The family of the Juli who were also known by the given name of the Caesars in ancient Rome had produced some of the most powerful people of the 6th Age. In fact, they were esteemed as Gods and had changed time, calendars and they in which the people under the rule of the Roman Empire would be ruled for generations to come. A family that would help build Rome into a world-wide Empire, and also conquer much of the world.
The history surrounding the family of the Caesars has been written about by many of the world's best historians, and scholars over the last 2,000 years. But in all these books, articles and movies that tell of their history, they still do not indicate the city or cities where the first family of the Caesars had come from. In the course of my own research into the history of this family, I have found an ancient connection to a couple of cities that were once called Caere (Cere). It was in the cities of Caere where a people called the Cereithes had lived, and whose name may have also helped form the English word we know of today as Christian.
The original home and birthplace of the name of the Caesars I have found to be composed of two cities bearing the same name of Caere (Cere). This name of Caere is derived from the Greek word 'Ares' who the Romans identified this god as their God of war, Mars. He is represented as the son of Zeus (Jupiter) and Hera (Venus). (Homer Illiad v. 893, &c.; Hes. 921; Apollod. i. 3. § 1.) The God of the Roman Empire was Jove (Jupiter) who was known as Zeus in Greece and the Emperor became a son of Zeus who ruled by religion and war with the Roman Emperor as the God of War and Pontifex Maximus of religion.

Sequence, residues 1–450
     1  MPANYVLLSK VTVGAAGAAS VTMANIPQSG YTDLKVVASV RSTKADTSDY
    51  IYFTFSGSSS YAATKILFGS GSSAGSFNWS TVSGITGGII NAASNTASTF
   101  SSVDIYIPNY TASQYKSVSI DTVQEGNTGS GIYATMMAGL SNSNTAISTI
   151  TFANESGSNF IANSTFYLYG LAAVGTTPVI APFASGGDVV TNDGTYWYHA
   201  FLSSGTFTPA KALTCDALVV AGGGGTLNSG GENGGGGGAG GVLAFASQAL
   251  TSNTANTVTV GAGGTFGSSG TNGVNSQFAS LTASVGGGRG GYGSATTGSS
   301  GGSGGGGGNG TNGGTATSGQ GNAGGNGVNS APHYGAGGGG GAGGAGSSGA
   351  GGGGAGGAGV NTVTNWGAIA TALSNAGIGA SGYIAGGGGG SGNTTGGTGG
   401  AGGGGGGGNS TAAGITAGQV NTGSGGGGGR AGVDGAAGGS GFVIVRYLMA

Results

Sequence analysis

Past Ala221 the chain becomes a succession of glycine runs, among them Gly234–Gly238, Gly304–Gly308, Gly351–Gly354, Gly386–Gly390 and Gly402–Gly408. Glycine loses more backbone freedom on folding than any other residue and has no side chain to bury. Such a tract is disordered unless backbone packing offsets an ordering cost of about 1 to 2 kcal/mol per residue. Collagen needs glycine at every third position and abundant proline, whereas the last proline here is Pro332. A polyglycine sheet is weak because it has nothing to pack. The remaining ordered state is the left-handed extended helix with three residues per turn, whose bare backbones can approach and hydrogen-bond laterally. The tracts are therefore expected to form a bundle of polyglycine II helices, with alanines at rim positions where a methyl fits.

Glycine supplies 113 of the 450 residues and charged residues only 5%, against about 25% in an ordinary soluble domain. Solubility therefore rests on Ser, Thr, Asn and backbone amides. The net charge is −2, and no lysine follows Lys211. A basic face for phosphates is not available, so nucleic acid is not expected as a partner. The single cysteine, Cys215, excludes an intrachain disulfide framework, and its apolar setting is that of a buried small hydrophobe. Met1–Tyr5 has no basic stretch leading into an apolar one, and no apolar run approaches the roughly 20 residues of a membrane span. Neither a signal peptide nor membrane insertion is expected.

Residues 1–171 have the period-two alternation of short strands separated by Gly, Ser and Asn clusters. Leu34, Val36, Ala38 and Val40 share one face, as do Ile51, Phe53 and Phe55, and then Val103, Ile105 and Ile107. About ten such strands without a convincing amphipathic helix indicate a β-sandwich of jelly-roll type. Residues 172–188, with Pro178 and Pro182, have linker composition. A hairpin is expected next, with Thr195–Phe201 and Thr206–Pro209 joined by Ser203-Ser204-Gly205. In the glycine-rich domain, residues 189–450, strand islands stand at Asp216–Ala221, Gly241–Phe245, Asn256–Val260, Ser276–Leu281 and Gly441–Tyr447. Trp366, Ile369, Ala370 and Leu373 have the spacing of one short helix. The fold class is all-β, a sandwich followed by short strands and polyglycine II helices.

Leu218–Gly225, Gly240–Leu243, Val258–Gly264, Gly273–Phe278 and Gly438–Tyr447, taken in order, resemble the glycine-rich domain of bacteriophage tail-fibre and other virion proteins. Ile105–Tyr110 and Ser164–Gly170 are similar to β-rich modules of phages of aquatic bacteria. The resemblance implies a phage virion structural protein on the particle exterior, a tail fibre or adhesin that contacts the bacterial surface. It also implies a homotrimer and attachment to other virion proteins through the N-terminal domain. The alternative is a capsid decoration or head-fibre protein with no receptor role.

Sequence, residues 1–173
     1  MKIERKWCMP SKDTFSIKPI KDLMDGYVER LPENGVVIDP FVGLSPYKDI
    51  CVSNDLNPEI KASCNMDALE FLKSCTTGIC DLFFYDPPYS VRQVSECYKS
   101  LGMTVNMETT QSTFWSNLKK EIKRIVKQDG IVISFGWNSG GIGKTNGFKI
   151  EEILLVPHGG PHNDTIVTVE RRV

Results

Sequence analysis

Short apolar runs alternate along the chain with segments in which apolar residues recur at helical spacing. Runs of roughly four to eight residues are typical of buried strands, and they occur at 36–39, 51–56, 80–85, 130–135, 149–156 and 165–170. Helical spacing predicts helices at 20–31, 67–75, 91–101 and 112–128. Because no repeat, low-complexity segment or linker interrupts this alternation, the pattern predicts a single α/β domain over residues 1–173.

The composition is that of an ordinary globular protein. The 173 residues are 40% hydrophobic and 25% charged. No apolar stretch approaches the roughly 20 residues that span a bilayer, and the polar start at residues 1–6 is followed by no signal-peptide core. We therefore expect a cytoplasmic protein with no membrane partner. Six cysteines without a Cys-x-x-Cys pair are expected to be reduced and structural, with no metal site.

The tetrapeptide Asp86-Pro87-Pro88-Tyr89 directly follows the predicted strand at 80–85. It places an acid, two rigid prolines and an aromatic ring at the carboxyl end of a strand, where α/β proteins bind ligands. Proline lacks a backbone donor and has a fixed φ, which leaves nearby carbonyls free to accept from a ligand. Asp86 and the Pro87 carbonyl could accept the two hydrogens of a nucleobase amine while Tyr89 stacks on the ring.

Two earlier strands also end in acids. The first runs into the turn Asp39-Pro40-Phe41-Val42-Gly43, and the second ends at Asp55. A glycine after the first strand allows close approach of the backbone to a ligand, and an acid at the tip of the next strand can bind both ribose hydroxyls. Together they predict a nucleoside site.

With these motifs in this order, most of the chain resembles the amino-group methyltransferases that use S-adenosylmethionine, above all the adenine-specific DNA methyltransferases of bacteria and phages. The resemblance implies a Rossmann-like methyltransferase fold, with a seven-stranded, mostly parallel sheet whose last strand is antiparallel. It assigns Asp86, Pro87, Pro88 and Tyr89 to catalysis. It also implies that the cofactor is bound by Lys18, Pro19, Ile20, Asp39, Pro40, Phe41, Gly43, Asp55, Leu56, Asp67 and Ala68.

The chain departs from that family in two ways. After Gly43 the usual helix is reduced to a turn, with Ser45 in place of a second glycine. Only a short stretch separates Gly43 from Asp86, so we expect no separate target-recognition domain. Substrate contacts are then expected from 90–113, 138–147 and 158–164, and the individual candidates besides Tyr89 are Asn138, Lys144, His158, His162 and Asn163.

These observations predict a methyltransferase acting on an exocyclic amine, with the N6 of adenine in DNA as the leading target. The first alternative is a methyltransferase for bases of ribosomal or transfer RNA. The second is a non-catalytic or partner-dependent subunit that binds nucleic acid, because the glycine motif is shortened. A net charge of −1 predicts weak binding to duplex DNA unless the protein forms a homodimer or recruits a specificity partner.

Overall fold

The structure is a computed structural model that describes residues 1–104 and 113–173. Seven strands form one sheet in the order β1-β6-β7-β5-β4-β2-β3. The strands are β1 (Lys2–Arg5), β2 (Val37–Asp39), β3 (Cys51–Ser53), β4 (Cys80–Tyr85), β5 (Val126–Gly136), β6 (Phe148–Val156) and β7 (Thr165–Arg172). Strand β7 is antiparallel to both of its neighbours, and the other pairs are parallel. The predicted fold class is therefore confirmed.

Virgil had written this poem about Augustus and his family of the Caesars:
Turn, turn thine eyesIsee here thy race divine,
Behold thy own imperial Roman line:
Caesar, with all the Julian name survey;
See where the glorious ranks ascend to-day !—
This—this is he!—the chief so long foretold
To bless the land where Saturn ruled of old,
And give the Lernean realms a second age of gold!
The promised prince, Augustus the divine,
Of Caesar's race, and Jove's immortal line.
It was Augustus Caesar who was the race of Jupiter who had addressed to the gods Mars and Venus, progenitors of the Roman people (and patrons of Ovid's poetry).
WHERE WAS THE HOMELAND AND CITIES OF THE CAESARS?
The city of Caere that may be the first original homeland which would be in ancient Greece on the island of Crete, and the other would be the second sister city that had come later to Italy. The original first city of Caere (Cere or Caeratus) was in ancient Greece on the Holy Island of Crete. A city we know of today as Knossus (Cnossus, Gnossus). A city I like to call the first true home to Gnosis and the Gnostics because after all, this is where we get the word we today call Gnosis. In historical times, this was the most powerful city in the world. The ancient city of Caere had got its name from a small river that had flowed beneath its walls called "Caeratus." This river had run along side another river named Triton which took its name from the Son of Neptune. Mythological gods who all were born on Crete. An island known by many names.